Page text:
Do Great Links Make Best ‘About Me’ Copy?

Writing a good ‘About me’ section is tough. Author and journalist Leo Benedictus’ ‘About Me’ page is short – just 218 words – but uses many witty and informative links to engage the reader. It all adds up to a great job of selling the man and his first novel The Afterparty.

Benedictus worked as an advertising copywriter and it shows. The content is fresh and engaging. I was filing it away as best practice before I’d even explored the links. There are about 30 which entertain and inform. Discover them for yourself by going to Leo Benedictus’  About Me now or read on for an overview.

Evocative scene setting:

  • December 1975: Movie magazine covers from that month and year
  • late 1990s Youtube video of  Underworld’s ‘Born Slippy’ anthem
  • 2002: Youtube video of David Beckham’s World Cup penalty against Argentina

Some nice jokes illustrate his story:

  • Jon Snow: Links to exotic tie selection
  • Random House: Youtube of a ‘random house’ music mix
  • concentrate on writing: Man modelling Marks & Spencer dressing gowns
  • Mention of a special immigration issue of the Guardian’s G2 section published in January 2005: Sun newspaper story ‘Harry says sorry for Nazi outfit’

But on a business note he makes sure to communicate his credentials:

And of course it all leads on to the sales (in the nicest possible way):

  • buy it now links to buy the book on Amazon
  • Or you can read the first chapter here.

And here’s the rest of the links that spice up the story:

When I tweeted a link to Leo Benedictus he tweeted back: ”Gosh, thank you JPD! Wonderful to be noticed. I took more trouble over it, and pleasure in it, than it is decent to admit. L’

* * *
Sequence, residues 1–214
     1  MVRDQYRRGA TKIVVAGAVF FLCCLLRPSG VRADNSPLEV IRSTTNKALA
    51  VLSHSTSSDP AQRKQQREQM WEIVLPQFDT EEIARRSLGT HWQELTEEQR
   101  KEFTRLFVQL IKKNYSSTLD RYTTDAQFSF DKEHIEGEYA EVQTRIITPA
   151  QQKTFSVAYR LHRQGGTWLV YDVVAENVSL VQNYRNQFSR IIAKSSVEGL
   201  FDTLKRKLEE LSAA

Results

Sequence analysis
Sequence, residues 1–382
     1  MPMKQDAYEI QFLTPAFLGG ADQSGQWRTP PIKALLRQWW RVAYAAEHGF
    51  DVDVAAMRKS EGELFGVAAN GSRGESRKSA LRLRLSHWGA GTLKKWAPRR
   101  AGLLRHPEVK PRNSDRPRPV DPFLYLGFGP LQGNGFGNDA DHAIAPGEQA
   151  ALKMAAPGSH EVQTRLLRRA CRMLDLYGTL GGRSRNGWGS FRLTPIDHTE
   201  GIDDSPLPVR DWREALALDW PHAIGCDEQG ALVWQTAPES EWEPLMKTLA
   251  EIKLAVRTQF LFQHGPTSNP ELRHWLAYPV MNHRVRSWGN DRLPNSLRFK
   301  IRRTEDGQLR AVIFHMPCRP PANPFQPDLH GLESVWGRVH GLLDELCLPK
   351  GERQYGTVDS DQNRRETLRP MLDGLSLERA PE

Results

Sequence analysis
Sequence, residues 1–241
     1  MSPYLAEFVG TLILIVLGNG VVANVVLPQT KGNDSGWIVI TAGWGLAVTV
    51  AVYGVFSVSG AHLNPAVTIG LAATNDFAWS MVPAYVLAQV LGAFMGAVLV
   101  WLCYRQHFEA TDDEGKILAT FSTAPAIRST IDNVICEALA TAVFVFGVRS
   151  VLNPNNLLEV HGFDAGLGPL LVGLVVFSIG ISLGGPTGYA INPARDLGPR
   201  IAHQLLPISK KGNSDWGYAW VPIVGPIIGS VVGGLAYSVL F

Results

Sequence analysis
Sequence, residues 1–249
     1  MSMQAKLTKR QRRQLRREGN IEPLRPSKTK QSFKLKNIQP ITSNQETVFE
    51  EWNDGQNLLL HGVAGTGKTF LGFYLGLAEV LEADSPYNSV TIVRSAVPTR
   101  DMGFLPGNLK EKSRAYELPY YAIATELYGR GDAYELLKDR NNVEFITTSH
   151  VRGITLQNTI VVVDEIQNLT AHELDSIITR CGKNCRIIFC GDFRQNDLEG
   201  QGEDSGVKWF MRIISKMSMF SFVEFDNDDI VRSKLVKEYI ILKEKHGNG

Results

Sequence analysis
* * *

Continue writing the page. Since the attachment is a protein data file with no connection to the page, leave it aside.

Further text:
I disagree. This ‘About me’ column perfectly reflects the person and the product that it is promoting. The opening paragraph of  Sam Leith’s review of The Afterparty in the Guardian:

‘Strap yourselves in, postmodernism fans. This is a book within a book, based on a true story. Well, not true-true. That is to say, the true story that is fictionalised in “The Afterparty” (the book-within-a-book) isn’t actually true: it is a figment of the imagination of the author of The Afterparty (the book under review here).’


If you know of better, please share. Some of the qualities we are looking for seem to be:

  • Short and sweet
  • Engage and entertain
  • Show don’t tell
  • Be appropriate
  • Be inventive
  • Subtly sell and promote

By the way, sadly the many links don’t help with Google search rankings because they are going the wrong way. Ah well, you can’t have everything.



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